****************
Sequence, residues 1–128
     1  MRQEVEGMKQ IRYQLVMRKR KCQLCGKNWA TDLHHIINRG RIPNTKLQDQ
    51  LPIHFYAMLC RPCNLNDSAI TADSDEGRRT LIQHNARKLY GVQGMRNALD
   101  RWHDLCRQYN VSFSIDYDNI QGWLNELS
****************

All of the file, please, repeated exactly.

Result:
Sequence, residues 1–128
     1  MRQEVEGMKQ IRYQLVMRKR KCQLCGKNWA TDLHHIINRG RIPNTKLQDQ
    51  LPIHFYAMLC RPCNLNDSAI TADSDEGRRT LIQHNARKLY GVQGMRNALD
   101  RWHDLCRQYN VSFSIDYDNI QGWLNELS